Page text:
The quote has been attributed to everyone from Voltaire to Spider-Man’s Uncle Ben: “With great power comes great responsibility.” That sentiment certainly applies to using new technologies — just because you have the power to do something doesn’t mean you always should.
In a company blog post, the technology firm Mongoose, which provides platforms for colleges and universities to incorporate texting students, outlined four things institutions should know about texting students and parents. While the post focuses mainly on privacy laws, it also includes some sound suggestions about using the power of texting responsibly.
Among the suggestions, just because you can text doesn’t mean you should.
“The read rate for texts is virtually 100 percent, but only because there’s almost no spam,” the blog says. “If you start sending students dozens of texts that students don’t want, they’ll ignore you — just like they ignore phone calls and email, which are filled with messages they don’t care about.”
Respect Personal Space
What should you be texting students about? According to Mongoose, they prefer practical information like deadline reminders. When is their application due? When must they complete their FAFSA? When do they register for an open house? Or text them updates from counselors and advisers, like a student’s application status, answers to questions about specific programs or scholarships, times a counselor will be visiting their area.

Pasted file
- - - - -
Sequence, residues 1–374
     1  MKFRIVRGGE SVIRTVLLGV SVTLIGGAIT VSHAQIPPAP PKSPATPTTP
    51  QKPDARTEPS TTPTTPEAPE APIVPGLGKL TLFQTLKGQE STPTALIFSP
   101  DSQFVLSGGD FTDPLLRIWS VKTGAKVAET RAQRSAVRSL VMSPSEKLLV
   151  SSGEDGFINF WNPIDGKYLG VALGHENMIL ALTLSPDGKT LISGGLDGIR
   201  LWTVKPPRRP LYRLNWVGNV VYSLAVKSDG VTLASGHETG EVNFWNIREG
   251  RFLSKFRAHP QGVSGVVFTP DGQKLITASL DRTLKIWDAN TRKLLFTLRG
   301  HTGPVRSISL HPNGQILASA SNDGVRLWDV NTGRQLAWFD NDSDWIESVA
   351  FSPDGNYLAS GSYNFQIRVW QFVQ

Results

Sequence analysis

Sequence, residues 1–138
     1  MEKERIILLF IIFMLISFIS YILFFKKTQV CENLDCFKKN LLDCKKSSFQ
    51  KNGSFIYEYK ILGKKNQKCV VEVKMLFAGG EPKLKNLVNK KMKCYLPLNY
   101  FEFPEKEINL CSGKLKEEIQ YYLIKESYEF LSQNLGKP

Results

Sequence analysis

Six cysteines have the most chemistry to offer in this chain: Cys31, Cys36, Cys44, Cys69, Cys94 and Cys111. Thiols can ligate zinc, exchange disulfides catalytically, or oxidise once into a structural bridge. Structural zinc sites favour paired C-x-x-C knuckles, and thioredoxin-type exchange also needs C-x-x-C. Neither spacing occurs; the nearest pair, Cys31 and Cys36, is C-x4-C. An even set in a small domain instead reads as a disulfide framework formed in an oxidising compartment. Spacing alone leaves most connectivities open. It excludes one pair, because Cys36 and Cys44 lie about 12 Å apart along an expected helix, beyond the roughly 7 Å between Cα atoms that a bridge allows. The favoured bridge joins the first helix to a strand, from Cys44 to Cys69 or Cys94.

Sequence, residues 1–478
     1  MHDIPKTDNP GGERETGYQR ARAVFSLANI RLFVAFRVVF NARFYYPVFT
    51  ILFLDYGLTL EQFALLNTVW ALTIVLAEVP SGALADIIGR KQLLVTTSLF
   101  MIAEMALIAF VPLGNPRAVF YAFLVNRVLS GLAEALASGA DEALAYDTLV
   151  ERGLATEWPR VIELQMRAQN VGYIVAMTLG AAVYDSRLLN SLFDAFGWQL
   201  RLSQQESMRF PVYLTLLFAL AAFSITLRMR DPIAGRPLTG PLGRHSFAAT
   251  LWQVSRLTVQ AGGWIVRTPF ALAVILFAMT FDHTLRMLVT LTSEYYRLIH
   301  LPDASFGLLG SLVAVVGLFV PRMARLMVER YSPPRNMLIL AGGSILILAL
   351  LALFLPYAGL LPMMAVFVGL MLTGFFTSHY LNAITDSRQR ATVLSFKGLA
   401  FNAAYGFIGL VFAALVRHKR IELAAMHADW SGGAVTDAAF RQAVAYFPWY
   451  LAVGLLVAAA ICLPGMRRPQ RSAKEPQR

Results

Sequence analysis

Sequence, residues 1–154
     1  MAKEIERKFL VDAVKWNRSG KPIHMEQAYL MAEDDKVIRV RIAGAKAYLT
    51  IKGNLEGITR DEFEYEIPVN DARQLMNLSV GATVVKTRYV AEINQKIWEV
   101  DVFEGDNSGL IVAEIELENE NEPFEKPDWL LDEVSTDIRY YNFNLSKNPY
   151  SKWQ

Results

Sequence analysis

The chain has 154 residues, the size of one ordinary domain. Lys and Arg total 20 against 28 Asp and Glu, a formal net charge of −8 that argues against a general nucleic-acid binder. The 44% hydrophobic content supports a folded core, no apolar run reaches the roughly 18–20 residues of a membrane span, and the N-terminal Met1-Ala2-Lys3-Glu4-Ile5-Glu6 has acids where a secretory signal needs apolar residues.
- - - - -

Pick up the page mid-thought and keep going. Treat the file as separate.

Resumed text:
What do students not want to be texted about? Promotions. Find another way to offer your 25 percent off coupon at the bookstore. Also, don’t bother them with the texts linking to social media posts or your website.
Yes, it is legal to text students. Yes, a growing number of colleges and universities have the capability to text prospects. But it’s important to keep in mind that a person’s phone is their personal space, the blog states.
“Every text you send needs to be timely, relevant and valuable to them.”
Remember, texting is the preferred means of communication for everybody these days … but especially teenagers. The ability to spark meaningful conversations with prospective students via text is a powerful tool. Use it responsibly.
By Kevin Hyde, Senior Content Writer, Capture Higher Ed